TL Virtual Cafe – Web_Presence

TL Virtual Cafe – Web_Presence

via TL Virtual Cafe – Web_Presence.

I listened to my first Webinar.  I can’t say I actually attended the Webinar since it was actually archived from 1 March.

It was an interesting experience, something of a mixture between Skype and a PowerPoint presentation.  Anyhow the webinar talked about bringing Web 2.0 technology to students.  Some of the tools mentioned during the episode included Flicker, Google Docs, Facebook, Blogging, YouTube, Live Binder, Net Vibes, Twitter, Wiki’s, and LibGuides.  I was only familiar with 6 of the tools and have actually used 4 of those.  The tools I have or are currently using are Facebook, Blogging, YouTube, and a Wiki. 

The librarian hosts in the webinar spoke about how each method of media could be used to advance the library and student learning.  Flicker is a photo housing media.  Google Docs produces surveys and it is also a great way to communicate with students and parents at home.  Facebook is a social media page which can be used to share information about events at the library.  The Blog is like a Web page, but it is more interactive.  YouTube Channel provides libraries the opportunity to share videos and podcasts produced by the library and school.  Live Binder help keep everything in one place.  Net Vibes can pull specific information for teachers.  Twitter is a great tool to use for keeping in touch with parents.  Wiki can be used to help students who are not able to drive to collaboratively work together from their individual homes.  Lib Guides can provide teachers and librarians with the opportunity to store guides of subjects in one place.  It is a good tool for multiple research pathfinders.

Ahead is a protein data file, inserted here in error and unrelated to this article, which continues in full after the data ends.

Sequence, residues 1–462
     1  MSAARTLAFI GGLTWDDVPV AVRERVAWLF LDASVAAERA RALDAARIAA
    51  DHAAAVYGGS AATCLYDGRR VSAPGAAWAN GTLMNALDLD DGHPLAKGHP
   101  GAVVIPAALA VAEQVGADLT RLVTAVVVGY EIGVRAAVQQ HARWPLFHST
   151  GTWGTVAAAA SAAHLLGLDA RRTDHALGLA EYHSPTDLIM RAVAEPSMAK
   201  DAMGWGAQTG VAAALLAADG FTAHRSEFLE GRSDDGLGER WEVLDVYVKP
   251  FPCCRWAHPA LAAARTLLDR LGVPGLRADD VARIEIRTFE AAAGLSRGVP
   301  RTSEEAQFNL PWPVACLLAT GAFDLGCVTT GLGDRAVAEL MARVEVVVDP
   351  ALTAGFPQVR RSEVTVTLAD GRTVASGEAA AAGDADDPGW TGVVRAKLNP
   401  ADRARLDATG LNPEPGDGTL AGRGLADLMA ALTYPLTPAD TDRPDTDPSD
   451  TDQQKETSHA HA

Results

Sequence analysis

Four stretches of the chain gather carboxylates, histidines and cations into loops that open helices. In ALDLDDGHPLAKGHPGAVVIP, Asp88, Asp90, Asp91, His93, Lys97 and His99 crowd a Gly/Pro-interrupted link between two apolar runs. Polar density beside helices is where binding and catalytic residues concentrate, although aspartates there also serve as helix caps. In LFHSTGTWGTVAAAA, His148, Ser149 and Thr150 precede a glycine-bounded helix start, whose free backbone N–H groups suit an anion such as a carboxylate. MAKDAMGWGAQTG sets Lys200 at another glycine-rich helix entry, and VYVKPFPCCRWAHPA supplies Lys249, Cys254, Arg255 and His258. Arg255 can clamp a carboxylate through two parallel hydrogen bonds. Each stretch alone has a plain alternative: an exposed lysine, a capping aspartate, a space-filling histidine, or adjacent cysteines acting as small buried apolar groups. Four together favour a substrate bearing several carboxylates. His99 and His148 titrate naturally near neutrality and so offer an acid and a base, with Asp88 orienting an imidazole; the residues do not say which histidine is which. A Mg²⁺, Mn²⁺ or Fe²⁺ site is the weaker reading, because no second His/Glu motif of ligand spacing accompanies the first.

Out of all of these methods of media I would probably use a Wiki, YouTube, a Blog, and the Lib Guides when I begin managing a library.  I think some people would be surprised by my willingness to use the Wiki after all my difficulties with it at the beginning of the semester.  However, after you get past the initial frustration of learning how to create a Wiki, I can honestly see the merit in the media.  It is kind of exciting to know that you can go into somebody else’s Wiki page and help a fellow student correct errors or add important information.  I also like the opportunity of collaboratively working together from the comfort of your own home.  I keep thinking back to last winter when our family was iced and snowed in for almost two weeks.  The kids were beginning to go stir crazy.  If we had a Wiki or a blog or some other form of social media the kids may have been able to deal with it better towards the end of those two weeks.  However, thankfully I have great kids and they did pretty well with the isolation.  If memory serves me correctly they didn’t almost have a mutiny until 9 days into the whole thing.  However, I digress.

I won’t go into much detail about YouTube or the Blog media.  Mainly because most people are very well aware of YouTube and if you are reading this then you are certainly aware of what a blog can provide.  However I will touch upon the Lib Guides.  If you have never seen one it is fascinating.  I know I’ve seen them before, but did not know what they were.  I know knew that they were pretty neat. 

A Lib Guide is kind of like a file folder on the net.  It provides teachers and librarians the opportunity to create files of information about any particular subject.  The students use these files as provided by the instructor.  I’ve seen some Lib Guides provide information about a battle in World War II and include video as well as extra learning suggestions.  It is a very neat media tool.

Social Media and Learning is just another avenue of helping people become better readers which is the main goal of the LMS.  The smart, trained librarian could use each of these tools to help advance learning, collaborate with teachers, and make her job viewed as very valuable since she would be taking the load off of the rest of staff.


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